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This Might Be The Most Under Appreciated Car Trunk Feature

Illustration for article titled This Might Be The Most Under Appreciated Car Trunk Feature

If you’re like me, you’ve been in this situation countless times: you’re driving along with a trunk packed full of garbage bags of piping hot chili, when you get a flat tire. To get to the tire under the trunk floor, you have to pull out all dozen bags, and in the process one of the chili bags invariably rips, covering you and the trunk interior with scalding hot chili, ruining your all-white figure skating outfit. Did I mention you’re on your way to a figure-skating competition? Because you are. If only there was a solution for this. The good news is that there is! Or, was, because it’s basically extinct.

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Illustration for article titled This Might Be The Most Under Appreciated Car Trunk Feature

While many modern cars don’t carry spare tires at all, almost all that do keep the tires in a well beneath the trunk floor, and the only way to get to it is to laboriously yank all the luggage and crap from the trunk. Even if it’s not garbage bags of chili, on the side of the road while you’re fixing a flat is hardly the ideal time and place to unpack a trunk.

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That’s why a few carmakers who gave a brace of BMs about design and usability once designed car trunks with special spare tire compartments!

These are brilliant! Off the top of my head, I can only think of a few carmakers that did this: Škoda (the 1000 MB), Renault (on the Dauphine), Tatra (on the 603), and Bristol (on a few models, including the 404 and 403). You’ll note that there’s a number of solutions for doing this, and it shows up on cars with front and rear trunks.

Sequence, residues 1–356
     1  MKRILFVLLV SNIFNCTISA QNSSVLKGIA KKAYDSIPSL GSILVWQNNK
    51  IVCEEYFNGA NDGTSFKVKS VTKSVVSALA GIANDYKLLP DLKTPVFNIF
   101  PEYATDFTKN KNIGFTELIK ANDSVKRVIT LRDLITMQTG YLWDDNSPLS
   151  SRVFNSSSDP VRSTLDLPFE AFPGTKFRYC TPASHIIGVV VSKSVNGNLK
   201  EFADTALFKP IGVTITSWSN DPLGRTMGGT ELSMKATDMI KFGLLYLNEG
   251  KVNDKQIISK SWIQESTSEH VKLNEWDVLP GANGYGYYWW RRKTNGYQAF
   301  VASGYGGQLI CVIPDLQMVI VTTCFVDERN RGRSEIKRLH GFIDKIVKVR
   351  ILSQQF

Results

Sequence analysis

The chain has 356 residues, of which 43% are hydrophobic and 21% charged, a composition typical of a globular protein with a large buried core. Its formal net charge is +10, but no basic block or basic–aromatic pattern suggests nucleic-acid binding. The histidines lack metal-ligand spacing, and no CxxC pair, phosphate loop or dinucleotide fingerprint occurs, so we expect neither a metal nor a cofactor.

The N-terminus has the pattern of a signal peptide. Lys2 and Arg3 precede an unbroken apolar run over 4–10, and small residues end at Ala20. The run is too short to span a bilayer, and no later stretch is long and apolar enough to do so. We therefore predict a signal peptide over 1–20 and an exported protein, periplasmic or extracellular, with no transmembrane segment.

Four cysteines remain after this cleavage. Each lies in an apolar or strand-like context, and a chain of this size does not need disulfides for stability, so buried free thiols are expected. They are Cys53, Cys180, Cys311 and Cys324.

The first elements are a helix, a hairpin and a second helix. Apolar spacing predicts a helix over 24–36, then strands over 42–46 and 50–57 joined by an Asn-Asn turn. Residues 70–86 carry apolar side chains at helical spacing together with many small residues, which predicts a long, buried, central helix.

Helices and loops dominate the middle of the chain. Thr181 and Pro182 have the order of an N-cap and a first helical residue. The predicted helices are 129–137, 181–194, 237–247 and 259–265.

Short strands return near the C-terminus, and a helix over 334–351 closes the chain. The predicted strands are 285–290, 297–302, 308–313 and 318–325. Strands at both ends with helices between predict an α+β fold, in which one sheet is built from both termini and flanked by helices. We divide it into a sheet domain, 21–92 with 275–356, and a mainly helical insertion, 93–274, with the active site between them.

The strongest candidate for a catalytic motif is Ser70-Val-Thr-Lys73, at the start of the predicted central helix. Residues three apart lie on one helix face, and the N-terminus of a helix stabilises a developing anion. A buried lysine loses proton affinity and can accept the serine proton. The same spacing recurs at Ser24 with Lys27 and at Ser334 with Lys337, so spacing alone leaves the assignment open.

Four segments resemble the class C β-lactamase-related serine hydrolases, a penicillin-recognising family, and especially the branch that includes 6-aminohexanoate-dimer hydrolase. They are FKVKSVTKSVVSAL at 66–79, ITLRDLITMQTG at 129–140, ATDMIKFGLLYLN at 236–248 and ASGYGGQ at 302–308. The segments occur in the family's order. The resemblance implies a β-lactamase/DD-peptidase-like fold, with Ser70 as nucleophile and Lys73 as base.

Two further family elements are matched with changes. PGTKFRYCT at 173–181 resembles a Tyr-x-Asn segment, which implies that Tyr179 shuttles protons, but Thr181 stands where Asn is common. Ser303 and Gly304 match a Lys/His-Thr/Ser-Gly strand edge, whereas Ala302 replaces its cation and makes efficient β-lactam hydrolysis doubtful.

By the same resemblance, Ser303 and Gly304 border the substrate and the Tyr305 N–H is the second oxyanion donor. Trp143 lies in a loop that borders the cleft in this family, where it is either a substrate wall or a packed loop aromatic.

The rear-engine cars tend to have separate little cubbies below the main trunk up front, while Bristol sometimes used a very novel fender-mounted vertically-stored spare tire cubby. Sometimes rear trunks had a divider and a cubby for the spare near the bottom, a method I know Rolls-Royce once employed.

There’s even solutions for cars that don’t have separate cubbies, like using the controversial practice of sticking the tire in the engine bay, or mounting it outside—though that usually only happens on off-road-type vehicles—or, in at least the case of the Renault 4CV, mounting it in the trunk lid itself.

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It’s such a good, simple idea, and it’s almost completely extinct in modern cars. Perhaps modern tires are good enough that flats are so uncommon as to make such a convenience not worth the effort?

That may be true, but I know I’d respect the hell out of a carmaker that used such a thoughtful approach to their spare tire access.

Senior Editor, Jalopnik • Running: 1973 VW Beetle, 2006 Scion xB, 1990 Nissan Pao, 1991 Yugo GV Plus, 2020 Changli EV • Not-so-running: 1977 Dodge Tioga RV (also, buy my book!: https://rb.gy/udnqhh)

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DISCUSSION

mike-mckinnon
Chairman Kaga

I present to you the Toyota Highlander (previous generation, but the new one also stores its spare underneath).

However, imagine you have a flat while the car is loaded with luggage and snacks and all the other accoutrement of the great American road trip. Even though the spare is accessible, to get to the necessary tools to change it you still have to unload the entire car, as they are all stored under the cargo bay floor.